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Active Flagship Research Projects


Development of Advanced Membranes Water Purification Systems: Fabrication, Fouling Resistance, and System Configuration

MIT Professors: John Lienhard V, Karen Gleason, and Gregory Rutledge

Masdar Institute Professors: Hassan Arafat and Raed Hashaikeh


This proposed research aims to develop advanced membranes with better permeability, fouling resistance, and excellent mechanical strength using novel fabrication methods that scale to large areas. To this end, we will be:

  • Examining the relationships between system operating conditions, membrane properties, and scaling and fouling processes on the membranes.
  • Water purification by membrane distillation (MD), reverse osmosis (RO), and oil/water (O/W) systems will be considered; for MD systems, extreme salinities (>100,000 ppm) such as produced water will be examined in addition to seawater salinities (~35,000 ppm). Membrane characterization techniques will be developed, as will sensors for the detection of fouling and scaling.
  • Nanomaterials will be incorporated into the fabricated polymeric membrane to produce reinforced membranes with enhanced mechanical and chemical properties. The production of novel reinforced antifouling membranes, with an associated specification of system operating states, will be of great benefit to the desalination and water industry.


Water is indeed absolutely critical to human life, to say nothing of its importance to wealth and security for all nations. Water, including desalination, re-use, waste water and delivery are critical elements of Abu Dhabi’s economy and security and while the UAE has been blessed with many forms of wealth, sadly, this is one that the country has only in a very limited supply. The UAE is among some of the world’s most water scarce nations, while at the same time it is amongst the highest per capita water consumers in the world. In fact Abu Dhabi’s total consumption of water resources exceeds by 24 times its natural recharge capacity.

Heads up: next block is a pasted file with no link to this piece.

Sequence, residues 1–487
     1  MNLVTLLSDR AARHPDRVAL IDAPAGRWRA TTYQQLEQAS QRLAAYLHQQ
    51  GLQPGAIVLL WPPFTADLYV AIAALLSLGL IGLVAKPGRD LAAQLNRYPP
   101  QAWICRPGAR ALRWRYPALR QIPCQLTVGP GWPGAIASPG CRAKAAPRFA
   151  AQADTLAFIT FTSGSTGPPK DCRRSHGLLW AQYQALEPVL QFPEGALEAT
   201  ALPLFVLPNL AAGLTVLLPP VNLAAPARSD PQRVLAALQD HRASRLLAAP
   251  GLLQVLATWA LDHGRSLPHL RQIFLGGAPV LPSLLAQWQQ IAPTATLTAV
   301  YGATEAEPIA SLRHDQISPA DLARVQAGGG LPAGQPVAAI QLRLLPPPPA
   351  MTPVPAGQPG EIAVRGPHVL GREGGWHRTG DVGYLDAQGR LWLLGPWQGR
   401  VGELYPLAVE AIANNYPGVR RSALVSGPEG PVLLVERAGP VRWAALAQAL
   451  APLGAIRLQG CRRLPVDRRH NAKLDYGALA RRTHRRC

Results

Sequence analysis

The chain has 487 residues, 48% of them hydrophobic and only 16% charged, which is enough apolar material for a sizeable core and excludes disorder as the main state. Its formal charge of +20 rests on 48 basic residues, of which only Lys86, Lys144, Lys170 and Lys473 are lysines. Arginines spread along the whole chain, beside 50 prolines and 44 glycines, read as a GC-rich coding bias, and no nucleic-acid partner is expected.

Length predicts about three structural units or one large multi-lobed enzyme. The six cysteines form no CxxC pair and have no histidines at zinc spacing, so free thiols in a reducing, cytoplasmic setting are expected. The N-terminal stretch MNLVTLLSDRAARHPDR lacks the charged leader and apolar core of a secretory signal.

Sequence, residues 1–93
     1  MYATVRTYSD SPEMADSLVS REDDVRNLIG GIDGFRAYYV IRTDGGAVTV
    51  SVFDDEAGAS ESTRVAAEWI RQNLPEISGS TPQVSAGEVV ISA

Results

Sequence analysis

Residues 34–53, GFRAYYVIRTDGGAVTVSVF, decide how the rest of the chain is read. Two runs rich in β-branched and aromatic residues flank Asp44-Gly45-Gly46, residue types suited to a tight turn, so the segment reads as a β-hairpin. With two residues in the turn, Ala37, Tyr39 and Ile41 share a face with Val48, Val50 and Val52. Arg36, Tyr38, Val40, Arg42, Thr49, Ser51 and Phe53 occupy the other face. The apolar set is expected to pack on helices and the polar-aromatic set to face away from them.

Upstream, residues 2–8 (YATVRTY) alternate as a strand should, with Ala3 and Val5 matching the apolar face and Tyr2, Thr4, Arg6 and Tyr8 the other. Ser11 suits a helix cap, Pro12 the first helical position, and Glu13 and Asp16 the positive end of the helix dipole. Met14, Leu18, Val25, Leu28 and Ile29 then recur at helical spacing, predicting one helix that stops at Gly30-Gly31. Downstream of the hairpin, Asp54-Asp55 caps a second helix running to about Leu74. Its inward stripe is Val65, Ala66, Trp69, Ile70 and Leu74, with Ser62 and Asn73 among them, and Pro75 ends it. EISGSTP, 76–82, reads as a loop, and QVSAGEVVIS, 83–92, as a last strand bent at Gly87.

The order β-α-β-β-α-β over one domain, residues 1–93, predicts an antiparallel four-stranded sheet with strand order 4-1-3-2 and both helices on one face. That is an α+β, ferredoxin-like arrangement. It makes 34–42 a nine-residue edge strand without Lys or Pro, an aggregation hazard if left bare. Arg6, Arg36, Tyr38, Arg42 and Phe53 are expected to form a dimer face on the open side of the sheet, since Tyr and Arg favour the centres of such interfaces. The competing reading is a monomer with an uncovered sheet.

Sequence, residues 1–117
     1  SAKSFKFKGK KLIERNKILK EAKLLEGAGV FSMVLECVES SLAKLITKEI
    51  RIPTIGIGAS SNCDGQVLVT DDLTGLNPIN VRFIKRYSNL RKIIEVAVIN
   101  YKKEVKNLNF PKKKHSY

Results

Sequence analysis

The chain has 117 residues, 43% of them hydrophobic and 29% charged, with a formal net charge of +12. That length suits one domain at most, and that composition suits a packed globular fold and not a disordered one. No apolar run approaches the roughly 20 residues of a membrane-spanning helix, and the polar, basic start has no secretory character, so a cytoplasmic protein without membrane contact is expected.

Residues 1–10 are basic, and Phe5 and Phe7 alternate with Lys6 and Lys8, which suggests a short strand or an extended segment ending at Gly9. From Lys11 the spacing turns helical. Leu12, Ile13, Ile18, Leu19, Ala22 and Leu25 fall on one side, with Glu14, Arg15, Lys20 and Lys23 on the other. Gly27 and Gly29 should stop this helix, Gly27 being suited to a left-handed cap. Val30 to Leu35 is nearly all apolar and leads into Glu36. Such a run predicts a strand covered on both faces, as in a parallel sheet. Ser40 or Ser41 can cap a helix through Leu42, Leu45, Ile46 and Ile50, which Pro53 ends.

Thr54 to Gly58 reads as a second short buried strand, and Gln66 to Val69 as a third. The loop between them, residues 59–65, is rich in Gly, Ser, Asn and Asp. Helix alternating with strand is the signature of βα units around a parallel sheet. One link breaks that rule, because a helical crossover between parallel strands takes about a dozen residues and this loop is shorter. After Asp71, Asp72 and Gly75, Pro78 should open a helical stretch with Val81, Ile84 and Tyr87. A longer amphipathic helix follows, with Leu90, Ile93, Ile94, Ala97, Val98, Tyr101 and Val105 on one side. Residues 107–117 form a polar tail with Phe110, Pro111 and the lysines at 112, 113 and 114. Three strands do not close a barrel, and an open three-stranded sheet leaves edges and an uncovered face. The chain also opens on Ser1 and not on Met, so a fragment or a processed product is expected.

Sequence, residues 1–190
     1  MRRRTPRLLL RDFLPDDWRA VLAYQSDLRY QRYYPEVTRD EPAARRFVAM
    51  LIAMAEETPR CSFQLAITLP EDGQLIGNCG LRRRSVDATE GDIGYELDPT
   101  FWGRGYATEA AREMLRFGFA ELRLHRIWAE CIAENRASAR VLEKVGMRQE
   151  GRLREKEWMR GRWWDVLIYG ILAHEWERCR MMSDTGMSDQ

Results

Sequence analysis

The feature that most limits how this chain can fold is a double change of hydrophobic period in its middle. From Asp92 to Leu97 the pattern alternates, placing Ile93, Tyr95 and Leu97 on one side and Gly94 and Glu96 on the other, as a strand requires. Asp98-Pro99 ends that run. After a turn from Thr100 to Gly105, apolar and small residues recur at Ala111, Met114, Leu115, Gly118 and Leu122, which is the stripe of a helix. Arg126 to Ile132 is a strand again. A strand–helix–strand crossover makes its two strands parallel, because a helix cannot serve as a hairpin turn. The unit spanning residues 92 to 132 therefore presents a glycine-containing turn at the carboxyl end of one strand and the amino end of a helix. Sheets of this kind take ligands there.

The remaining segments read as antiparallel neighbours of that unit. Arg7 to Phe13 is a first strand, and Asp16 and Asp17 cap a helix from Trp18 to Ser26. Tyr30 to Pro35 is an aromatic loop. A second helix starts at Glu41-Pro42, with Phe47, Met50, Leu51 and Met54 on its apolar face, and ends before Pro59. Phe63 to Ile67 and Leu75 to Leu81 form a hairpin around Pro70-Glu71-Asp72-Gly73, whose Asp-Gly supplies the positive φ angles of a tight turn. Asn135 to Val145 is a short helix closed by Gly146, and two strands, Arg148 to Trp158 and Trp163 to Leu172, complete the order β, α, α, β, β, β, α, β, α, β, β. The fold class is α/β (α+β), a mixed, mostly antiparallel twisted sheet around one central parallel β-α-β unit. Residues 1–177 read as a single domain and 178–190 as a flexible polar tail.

• Water treatment technologies like desalination have allowed the UAE to continue to grow at the pace it requires. However, never has water been a more critical resource for the UAE than it is today. In recent years, many GCC countries, including UAE, have started to shift from the traditional energy-intensive thermal desalination processes to the more sustainable, environment-friendly, and cost-effective membrane-based desalination, particularly reverse osmosis (RO).
  • Solar-powered membrane desalination processes (e.g., PV-RO, solar- MD) are being heavily promoted and investigated. However, unlike thermal desalination, which has been applied in the GCC region for several decades, a gap in the know-how for membranebased desalination is well noticed in this region, including UAE.

Tremendous opportunities exist in UAE for treating and reclaiming industrial wastewater and nonconventional saline water resources. Membrane technology promises to be a viable option for most of these opportunities. It is the goal of the planned center of water technologies at MI to provide a platform for the research, knowledge transfer, and human capacity building vitally needed to achieve the full potential in this area.